US praises Turkey for violence apology

US praises Turkey for violence apology

The White House praised Turkey's government for apologizing for the use of force against protestors in the biggest mass demonstrations of Prime Minister Recep Tayyip Erdogan's decade in power.

Deputy Turkish Prime Minister Bulent Arinc said earlier the government had "learnt its lesson" and regretted using security forces against people with "rightful demands." "We welcome the deputy prime minister's comments apologizing for excessive force, and we continue to welcome calls for these events to be investigated," White House spokesman Jay Carney said.

"We hope that, as we have made clear, that the Turkish government will handle this in a way that respects the rights of free speech and assembly." Erdogan, who was in Washington just last month, is a key regional ally for the United States as it struggles to respond to the civil war in Syria and seeks to cope with fast-changing political dynamics in the Middle East.

Vice President Joe Biden also weighed in, in a speech to the US-Turkish Council's annual conference in Washington.

"Turkey's future belongs to the people of Turkey and no one else -- but the United States does not pretend to be indifferent to the outcome," Biden said, speaking up for the right of free assembly and an unfettered media.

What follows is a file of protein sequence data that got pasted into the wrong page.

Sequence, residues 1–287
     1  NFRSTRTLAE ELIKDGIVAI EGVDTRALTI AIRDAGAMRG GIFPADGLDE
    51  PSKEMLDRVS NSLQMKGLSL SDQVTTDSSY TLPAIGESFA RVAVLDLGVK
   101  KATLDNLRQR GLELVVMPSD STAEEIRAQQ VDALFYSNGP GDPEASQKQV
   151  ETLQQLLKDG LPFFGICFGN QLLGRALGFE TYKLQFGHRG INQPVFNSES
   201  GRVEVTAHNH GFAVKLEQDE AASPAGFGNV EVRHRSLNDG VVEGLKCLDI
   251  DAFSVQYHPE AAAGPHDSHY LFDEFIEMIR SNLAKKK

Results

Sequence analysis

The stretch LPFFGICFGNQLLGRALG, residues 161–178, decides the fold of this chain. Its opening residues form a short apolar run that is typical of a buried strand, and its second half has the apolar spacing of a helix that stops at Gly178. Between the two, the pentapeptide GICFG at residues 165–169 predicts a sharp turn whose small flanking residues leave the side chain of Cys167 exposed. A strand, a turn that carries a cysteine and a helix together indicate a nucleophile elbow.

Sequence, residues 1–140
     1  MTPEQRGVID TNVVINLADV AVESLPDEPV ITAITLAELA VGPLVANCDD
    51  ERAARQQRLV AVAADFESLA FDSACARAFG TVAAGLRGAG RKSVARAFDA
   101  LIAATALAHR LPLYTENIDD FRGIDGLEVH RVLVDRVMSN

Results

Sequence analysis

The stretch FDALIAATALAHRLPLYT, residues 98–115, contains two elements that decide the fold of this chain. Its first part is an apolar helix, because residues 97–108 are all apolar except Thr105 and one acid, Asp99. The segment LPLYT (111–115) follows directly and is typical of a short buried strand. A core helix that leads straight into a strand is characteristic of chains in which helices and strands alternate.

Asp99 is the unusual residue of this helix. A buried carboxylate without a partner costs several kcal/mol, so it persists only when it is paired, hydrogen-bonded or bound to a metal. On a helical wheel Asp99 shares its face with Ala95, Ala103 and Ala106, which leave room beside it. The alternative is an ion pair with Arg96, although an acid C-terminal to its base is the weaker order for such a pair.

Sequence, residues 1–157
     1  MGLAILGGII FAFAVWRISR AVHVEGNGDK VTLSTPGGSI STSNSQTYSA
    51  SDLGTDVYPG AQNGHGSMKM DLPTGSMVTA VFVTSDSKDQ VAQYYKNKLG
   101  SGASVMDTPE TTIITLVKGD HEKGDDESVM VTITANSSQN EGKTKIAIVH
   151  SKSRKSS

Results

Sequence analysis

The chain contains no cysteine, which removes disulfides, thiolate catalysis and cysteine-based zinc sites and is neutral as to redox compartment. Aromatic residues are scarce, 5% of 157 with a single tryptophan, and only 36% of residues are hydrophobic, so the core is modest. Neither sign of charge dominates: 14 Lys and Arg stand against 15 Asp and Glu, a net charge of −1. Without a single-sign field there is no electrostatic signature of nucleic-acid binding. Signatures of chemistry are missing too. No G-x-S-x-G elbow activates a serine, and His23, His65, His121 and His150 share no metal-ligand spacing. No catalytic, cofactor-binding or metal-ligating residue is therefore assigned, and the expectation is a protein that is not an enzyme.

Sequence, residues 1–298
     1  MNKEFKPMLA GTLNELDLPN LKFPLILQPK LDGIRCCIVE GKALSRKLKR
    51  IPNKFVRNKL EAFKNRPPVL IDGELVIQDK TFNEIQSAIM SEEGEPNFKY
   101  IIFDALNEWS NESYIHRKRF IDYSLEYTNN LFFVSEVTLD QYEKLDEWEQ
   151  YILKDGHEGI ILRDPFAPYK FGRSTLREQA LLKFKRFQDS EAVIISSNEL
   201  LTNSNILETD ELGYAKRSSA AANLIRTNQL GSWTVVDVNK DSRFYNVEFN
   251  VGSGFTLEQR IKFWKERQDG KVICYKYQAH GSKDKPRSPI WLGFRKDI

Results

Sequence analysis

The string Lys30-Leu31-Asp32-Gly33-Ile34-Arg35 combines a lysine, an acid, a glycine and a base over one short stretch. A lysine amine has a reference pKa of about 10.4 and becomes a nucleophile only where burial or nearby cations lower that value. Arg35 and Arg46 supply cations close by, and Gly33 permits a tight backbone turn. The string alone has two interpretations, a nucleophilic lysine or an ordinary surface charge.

"The United States stands for certain clear principles in these circumstances," Biden said, while praising Turkey as a "vital ally" and an emerging major power crucial to US foreign policy interests.

Arinc said clashes had left about 300 people wounded in five days though rights groups and doctors have put the number of injured in the thousands and said two people have been killed.

He called on "responsible citizens" to stop the protests, but hundreds of demonstrators defied his message and returned peacefully within hours to Taksim Square, the cradle of the protests in Istanbul.

They repeated their charges that Erdogan was imposing conservative Islamic reforms on the predominantly Muslim but constitutionally secular nation. Arinc made his comments after meeting with President Abdullah Gul, and US State Department spokeswoman Jen Psaki also praised "the efforts by president Gul and others to calm the situation."

"We're hopeful that that will have an impact on the country and think that's a positive step," she told reporters.

US Secretary of State John Kerry had earlier voiced concern over the excessive use of force by Turkish police to quell the demonstrations, and backed the right of all people to demonstrate peacefully.

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